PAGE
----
I finished removing the nose cone mold from the Zephyr plug. I switched back to building the molds using fiberglass mat rather than carbon fiber. I built the tail cone using carbon fiber, and it makes great molds, in terms of very light, and they can look so professional! But it’s far too easy to leave air bubbles between the orange gel coat and the CF, which cause problems when sanding, finishing, and using the molds.
I put together this video of the nose-cone mold removal process:
I’m working right now on preparing the tail cone mold, getting it ready to mold an actual tail cone! I need to make a “workshop” tail cone. I call it that because it will be used and abused in the workshop; it won’t be road ready afterwards!
Once I’ve got the recessed area sanded onto the rear of the main body, I’ll use the workshop tail-cone to confirm the fit of the tail-cone over that recessed area is satisfactory, or to indicate where more sanding may be needed.
Months from now when the velomobile is actually built, I’ll also be using the workshop tail-cone as an aid when I create a chain protection cover.
I’ll cut large viewing holes at various places, so I can get a better view, how the rear wheel, chain + tensioner, suspension and the tail cone all come together inside…. it’s gonna be interesting to fit that together!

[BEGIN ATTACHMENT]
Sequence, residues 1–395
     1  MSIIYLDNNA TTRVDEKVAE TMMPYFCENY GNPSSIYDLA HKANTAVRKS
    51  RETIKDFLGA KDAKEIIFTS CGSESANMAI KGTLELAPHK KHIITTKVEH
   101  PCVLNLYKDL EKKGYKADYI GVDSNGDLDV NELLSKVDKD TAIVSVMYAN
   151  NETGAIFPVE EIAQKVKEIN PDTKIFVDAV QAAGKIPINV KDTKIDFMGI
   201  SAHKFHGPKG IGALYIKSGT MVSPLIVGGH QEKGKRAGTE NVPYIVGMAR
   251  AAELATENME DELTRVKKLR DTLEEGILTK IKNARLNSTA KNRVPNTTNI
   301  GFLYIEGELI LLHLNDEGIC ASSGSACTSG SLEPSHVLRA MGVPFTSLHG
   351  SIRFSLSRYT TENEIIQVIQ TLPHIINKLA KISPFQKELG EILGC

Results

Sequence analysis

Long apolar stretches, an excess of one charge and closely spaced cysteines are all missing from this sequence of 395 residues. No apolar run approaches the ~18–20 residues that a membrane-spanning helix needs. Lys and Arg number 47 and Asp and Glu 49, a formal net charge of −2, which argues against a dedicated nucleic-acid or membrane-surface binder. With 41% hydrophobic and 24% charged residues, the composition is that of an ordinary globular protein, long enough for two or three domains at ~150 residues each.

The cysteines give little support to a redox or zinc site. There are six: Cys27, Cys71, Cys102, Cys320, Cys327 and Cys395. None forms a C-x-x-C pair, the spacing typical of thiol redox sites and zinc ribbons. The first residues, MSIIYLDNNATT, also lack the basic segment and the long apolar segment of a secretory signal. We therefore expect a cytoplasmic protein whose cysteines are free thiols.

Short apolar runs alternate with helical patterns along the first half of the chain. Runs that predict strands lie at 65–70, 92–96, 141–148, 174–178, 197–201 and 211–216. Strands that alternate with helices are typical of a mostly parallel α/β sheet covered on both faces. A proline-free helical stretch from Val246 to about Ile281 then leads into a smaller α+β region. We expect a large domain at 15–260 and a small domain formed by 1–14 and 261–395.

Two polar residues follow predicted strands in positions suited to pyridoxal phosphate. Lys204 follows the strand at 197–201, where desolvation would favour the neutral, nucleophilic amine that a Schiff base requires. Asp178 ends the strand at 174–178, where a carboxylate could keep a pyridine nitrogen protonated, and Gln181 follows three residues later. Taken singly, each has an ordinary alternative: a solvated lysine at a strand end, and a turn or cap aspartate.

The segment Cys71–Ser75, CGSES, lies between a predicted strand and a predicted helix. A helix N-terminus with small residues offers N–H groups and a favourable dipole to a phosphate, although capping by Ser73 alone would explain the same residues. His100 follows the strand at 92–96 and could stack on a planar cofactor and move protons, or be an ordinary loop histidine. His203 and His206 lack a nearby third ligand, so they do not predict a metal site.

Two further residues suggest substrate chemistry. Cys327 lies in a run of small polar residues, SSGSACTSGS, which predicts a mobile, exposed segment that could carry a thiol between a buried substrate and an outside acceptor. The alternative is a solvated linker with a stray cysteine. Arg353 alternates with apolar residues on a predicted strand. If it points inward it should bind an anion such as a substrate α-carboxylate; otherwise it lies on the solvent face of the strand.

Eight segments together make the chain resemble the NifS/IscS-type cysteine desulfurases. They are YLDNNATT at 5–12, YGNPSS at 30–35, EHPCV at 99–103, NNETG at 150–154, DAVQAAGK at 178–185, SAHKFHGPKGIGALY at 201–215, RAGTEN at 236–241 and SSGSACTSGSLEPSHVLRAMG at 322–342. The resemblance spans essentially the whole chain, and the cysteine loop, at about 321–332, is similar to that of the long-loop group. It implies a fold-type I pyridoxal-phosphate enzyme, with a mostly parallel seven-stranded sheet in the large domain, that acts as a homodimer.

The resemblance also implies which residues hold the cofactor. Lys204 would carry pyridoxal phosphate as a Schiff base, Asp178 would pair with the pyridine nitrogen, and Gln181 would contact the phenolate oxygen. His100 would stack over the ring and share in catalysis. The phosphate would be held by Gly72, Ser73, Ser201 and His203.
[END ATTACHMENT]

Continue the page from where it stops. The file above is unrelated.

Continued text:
Here’s a photo of the recently amputated tail, and the carbon fiber mold that I made (and I was far too stingy with my spraying of orange gel-coat, fixed that with the nose mold!).
I have the nose cone mold cleaned up now, and it’s a much nicer mold to work with, it’s got a nice thick weight and thickness, and very secure flange. With the CF mold I’m always reminding myself to be careful handling it. It’s very lightweight, but at this thickness could easily be a crack or break if I whack it by accident (like that would ever happen….. )
Here are the two molds next to each other. They’re about the same size, square footage-wise.
The carbon fiber mold weighs 7 pounds, and the fiberglass/CF mold weighs 25 pounds (each had the same number of Clekolocs in use). The weight doesn’t make a difference when in use, I was just curious.
And the above and below photos show why I made the nose-cone a three-piece mold, rather than a two-piece top/bottom mold. I’ve designed it so the heel bumps are molded in and part of the nose cone, and the heel bumps extend further to the rear than the rest of the nose cone. That, combined with the curvature of the side walls, was going to make it very tough to get the final piece out of the mold.
I’m pretty close to done with wet-sanding the nose-cone mold, then it’s on to buffing and polishing! I’m sanding this with the three parts all together. Since it’s such a large space inside, I can get my head and shoulder up in there, and as I said it’s a nice solid build. I know I’ve said it before, but this is my best mold build to date, particularly on such a large mold. Good to know I’m figuring it out 😉
I’m still waiting for a back-order of supplies, so I’m keeping busy with my wet sanding and buffing; here’s my outdoor workspace for this
Nearest way for me to get water near the workshop, but with winter weather coming I can’t use this hose much longer.